Subject coordinators series: getting started

At the beginning of the year, members of staff within my school’s cluster got together for an INSET day on highly effective subject leadership. As the coordinator of both Maths and ICT, I was very pleased about this. Even better, it was actually very useful and I have been meaning to share the main points I took away from it ever since. When I got down to writing up my notes though, it turned out to be a bit of a large blog post so I’ve split it into a series of posts about subject coordination. This first one covers some main points to get you started:

  • There are four key areas of the Ofsted inspection framework; start by reading them through as both a class teacher and then from a subject leader perspective. How would you judge yourself as a subject leader?
  • Get familiar with the lingo: be clear about the differences between achievement, attainment and progress so you can talk about them in relation to your subject: 
    • Progress: the progress children have made, from their starting points, in their learning
    • Attainment: the academic standards reached by children, usually shown by SATs test results and the like
    • Achievement: a sort of combination of both progress and attainment; it takes into account the standards of attainment reached by children and the progress they had to make to get there. (If you have a more succinct definition for this, please share it in the comments!)
  • There are two main things an effective subject leader does well: a) judge the quality of teaching in their subject across the school and b) judge the standards achieved in their subject across the school by children. So, are you doing both of these things? And where is your evidence that you are doing/have done both of these things? We’ll go into more detail about creating an evidence base in the next post though. N.B: I would also add a point c) here – take appropriate action based on your findings from a and b.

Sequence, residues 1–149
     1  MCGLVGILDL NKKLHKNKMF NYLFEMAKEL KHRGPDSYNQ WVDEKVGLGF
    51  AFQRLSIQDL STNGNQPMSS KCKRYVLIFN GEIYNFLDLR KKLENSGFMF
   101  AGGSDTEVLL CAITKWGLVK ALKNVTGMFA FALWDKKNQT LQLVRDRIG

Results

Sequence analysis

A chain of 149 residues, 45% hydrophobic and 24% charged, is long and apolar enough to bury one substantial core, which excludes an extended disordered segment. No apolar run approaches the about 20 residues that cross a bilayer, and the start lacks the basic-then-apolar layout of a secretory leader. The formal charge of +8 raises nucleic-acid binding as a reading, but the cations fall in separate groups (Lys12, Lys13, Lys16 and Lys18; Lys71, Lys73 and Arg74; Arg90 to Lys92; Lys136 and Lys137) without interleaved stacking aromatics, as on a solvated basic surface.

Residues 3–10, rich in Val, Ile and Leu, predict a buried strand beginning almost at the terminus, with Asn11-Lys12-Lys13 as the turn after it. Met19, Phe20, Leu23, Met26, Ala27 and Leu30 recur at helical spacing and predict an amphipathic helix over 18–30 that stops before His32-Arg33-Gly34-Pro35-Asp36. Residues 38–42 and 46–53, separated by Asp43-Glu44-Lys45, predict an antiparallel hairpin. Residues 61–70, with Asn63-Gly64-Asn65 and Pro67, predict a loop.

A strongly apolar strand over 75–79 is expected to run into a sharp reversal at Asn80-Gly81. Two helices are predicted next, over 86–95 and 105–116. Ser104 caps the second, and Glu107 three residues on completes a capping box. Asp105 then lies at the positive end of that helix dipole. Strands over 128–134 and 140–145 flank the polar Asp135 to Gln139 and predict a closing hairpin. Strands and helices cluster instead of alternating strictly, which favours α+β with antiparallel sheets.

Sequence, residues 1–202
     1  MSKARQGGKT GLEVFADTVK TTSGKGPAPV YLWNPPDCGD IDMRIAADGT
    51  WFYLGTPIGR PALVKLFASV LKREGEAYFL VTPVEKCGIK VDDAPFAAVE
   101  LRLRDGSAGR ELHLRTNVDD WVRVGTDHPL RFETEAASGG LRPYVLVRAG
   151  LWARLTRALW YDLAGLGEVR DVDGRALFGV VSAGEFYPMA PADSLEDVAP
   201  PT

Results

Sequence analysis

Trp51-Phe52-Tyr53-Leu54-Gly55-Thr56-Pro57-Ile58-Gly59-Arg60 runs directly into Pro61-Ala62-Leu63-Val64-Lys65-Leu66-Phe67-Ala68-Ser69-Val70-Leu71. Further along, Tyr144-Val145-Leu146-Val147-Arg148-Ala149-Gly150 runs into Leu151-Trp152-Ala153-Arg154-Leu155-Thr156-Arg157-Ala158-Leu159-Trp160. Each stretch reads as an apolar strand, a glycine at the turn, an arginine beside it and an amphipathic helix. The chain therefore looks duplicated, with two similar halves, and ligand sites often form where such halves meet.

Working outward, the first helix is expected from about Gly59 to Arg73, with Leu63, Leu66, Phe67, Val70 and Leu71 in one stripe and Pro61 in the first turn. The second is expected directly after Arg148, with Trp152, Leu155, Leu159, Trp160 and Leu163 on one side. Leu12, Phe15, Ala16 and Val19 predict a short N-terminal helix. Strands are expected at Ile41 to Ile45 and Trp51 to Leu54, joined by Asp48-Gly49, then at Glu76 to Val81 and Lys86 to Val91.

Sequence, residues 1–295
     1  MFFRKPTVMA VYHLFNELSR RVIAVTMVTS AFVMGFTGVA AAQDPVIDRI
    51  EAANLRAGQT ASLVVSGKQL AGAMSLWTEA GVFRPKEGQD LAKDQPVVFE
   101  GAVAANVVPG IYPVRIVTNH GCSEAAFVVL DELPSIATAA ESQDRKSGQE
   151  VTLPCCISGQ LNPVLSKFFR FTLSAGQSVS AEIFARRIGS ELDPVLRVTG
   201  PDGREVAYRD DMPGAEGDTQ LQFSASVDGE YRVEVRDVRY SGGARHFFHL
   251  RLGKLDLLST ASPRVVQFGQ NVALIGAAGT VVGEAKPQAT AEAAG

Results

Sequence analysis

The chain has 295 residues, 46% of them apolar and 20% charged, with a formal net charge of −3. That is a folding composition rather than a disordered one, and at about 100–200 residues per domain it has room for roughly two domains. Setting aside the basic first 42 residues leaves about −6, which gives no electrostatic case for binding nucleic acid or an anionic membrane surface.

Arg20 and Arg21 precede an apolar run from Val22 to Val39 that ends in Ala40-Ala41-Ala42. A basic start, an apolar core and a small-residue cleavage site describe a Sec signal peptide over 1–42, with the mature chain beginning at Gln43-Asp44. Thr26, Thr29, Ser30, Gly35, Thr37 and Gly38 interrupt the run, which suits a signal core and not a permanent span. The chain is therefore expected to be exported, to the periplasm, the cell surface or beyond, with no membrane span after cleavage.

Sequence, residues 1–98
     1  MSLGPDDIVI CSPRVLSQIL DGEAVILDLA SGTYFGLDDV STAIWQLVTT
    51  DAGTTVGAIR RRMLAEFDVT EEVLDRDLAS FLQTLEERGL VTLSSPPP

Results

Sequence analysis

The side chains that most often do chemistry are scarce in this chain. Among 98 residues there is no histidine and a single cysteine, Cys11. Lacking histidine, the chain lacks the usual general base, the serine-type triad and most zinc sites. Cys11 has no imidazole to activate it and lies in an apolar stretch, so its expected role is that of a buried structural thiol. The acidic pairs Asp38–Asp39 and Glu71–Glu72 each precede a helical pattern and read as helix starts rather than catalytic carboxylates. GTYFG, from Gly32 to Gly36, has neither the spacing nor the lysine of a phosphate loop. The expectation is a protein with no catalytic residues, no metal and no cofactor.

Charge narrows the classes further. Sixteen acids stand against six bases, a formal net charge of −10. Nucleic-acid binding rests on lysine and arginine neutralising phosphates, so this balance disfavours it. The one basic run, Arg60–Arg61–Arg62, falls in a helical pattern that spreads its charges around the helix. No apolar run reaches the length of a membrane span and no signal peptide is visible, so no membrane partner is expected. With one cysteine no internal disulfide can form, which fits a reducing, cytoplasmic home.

• There are two new docs on the block that you should be familiar with: Ofsted School Inspection Handbook and the Subsidiary Guidance. The five key changes to be aware of in these docs are: the impact of pupil premium, governance, data dashboard, performance management and the impact of partnerships. With those changes in mind,:
    • What are you providing for your governing body with regard to your subject area? How do they know what you’re up to? Invite them in, give them progress reports, just keep them firmly in the loop.
    • Is pupil premium being used to target the progress within your subject? How?
    • Have you looked at your school’s data dashboard information? You must. What can you glean from it? Any trends? More about data in a later post.
    • How are you working with other schools and outside partnerships to develop your subject area? Get together with other coordinators of the same subject within your cluster and consider how you can work together – plan joint CPD and deliver it to the whole cluster at once? Moderate? Observe lessons together? Do whatever helps all your schools, but the point is partnerships are important so make those connections.
  • Where are you with your new curriculum? What will you need to provide? Some subjects are going to look pretty different come September 2014 so look ahead and make plans for that transition.
  • SMSC: every lesson that is observed has a section on this – how does your subject support SMSC? What evidence can you provide?
  • Budget: do you know the budget for your subject? How are the priorities for spending within your subject linked to the school development plan? They should be.

These questions and points really got me thinking about my role as a subject coordinator and what things I was doing well and what I needed to work on. What else should subject coordinators be mindful of?

Look out for the next post, which will look at creating an evidence base and what to put in your subject coordinator’s file.

 

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